Thursday, December 1, 2016

November Books

Another month, another list of books.  I have really enjoyed doing these post, because I can go back and see what I read each month (and can make recommendations to others!).

The Blackthorn Key

The Blackthorn Key is on the DCF list of books, a Vermont award for children's literature.  A classmate read it for an assignment and loved it, so I decided to give it a try.

It was really good!  It's about an orphaned apothecary apprentice who gets caught up in a string of murders in London.  The book is full of chemistry, codes, and mystery.  Maybe not what most adults would want to read (unless they teach ELA), but I would definitely suggest it for middle schoolers!

The Mysterious St. Benedict Society

I needed to pick a book for class (and I could pick whatever book I wanted).  I asked for suggestions on Facebook and got some amazing ones.  And then I saw this in the library and caved.  I had been wanting to read it for some time now, so I figured this was a good excuse!

The main character, Reynie, is an orphan (this is the month of orphaned main characters!) who joins up with three other exceptional kids under the care of Mr. Benedict.  The kids are sent on a mission to figure out what is going on at the Institute. 

This book was a really fun read.  It reminded me a lot of A Series of Unfortunate Events, although not quite as clever.  I think a child who enjoyed puzzles and clues would really enjoy reading this book.  Here is my book companion I made for class (in case you decide to read the book).

Emily of New Moon

I am a HUGE Anne of Green Gables fan.  Goodness, I even named my son after Gilbert Blythe!  But for some reason, I have never read beyond the Anne series.  Recently, I heard a guest on What Should I Read Next talk about the Emily of New Moon series.

I can't even begin to tell you how much I loved this series.  It was like seeing an old friend again.  I read these three on my kindle and I just could NOT stop reading.  

Emily is a little like Anne.  She's an orphan, living on PEI, and she loves to write.  But she is different than Anne, still feisty, still a touch dramatic, but maybe more of a realist.  I still think Anne-girl is my favorite, but Emily is now a close second.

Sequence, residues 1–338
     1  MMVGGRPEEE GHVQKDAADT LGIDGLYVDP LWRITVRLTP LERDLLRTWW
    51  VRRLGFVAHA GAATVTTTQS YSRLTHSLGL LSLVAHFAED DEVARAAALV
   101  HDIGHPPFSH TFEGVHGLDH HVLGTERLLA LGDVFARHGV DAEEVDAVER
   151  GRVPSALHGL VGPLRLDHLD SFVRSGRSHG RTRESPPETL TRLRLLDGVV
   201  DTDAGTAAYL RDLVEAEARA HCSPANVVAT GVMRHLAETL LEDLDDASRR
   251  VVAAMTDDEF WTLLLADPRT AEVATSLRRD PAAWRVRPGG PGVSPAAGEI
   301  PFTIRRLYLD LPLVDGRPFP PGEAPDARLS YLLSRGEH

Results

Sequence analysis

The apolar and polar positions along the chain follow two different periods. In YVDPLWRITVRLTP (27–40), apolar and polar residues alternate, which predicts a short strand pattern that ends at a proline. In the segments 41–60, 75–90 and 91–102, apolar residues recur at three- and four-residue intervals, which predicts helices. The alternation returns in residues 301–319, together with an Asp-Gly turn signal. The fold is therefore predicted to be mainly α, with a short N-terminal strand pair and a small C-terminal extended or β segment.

Emily Climbs

The second book in the Emily series is a lot like Anne's second book.  Emily goes to the high school in a neighboring town.  

Emily's Quest

And the series finishes up with this book.  I will say, I enjoy the Anne/Gilbert story a little more than what goes on in this book, but I did still love it.

Seriously, if you are an Anne fan and you haven't read these books, please do!  You will thank me...

Boy in the Moon

This is another book for school.  Ian Brown chronicles what it is like raising his son Walker, who has a severe disability.  This book is raw and real and a really beautiful read (look at that alliteration!).  It is non-fiction, but it reads like a narrative, so I enjoyed it.  I loved this book.

The Marvels

Oh, this book!  This book was my second favorite this month, after the Emily series, of course.  It was written by the author of The Invention of Hugo Cabret.

What is amazing about this book is that the first half is only pictures, but somehow, you get a whole story out of the pictures.  And then there is 200 pages of a story, which happens 90 years later.  This book is so beautifully done, and the story is captivating.  I literally didn't put this book down while I was reading it.

Rum and Razors

Another Murder She Wrote mystery to close out the month.  Okay, so this book isn't going to win any awards, but it sure was a fun, light read.  

So that's what November looked like.  December will involve lots of traveling and family, so who knows how much reading I will get done!

1 comment:

Courtney said...

Ok, the Emily books have been on my "must read" list for a few months now. We really need to get a library card now that we've moved. Since I've been reading LMM's short stories for the last month, I'm just falling more and more in love with her and her writing.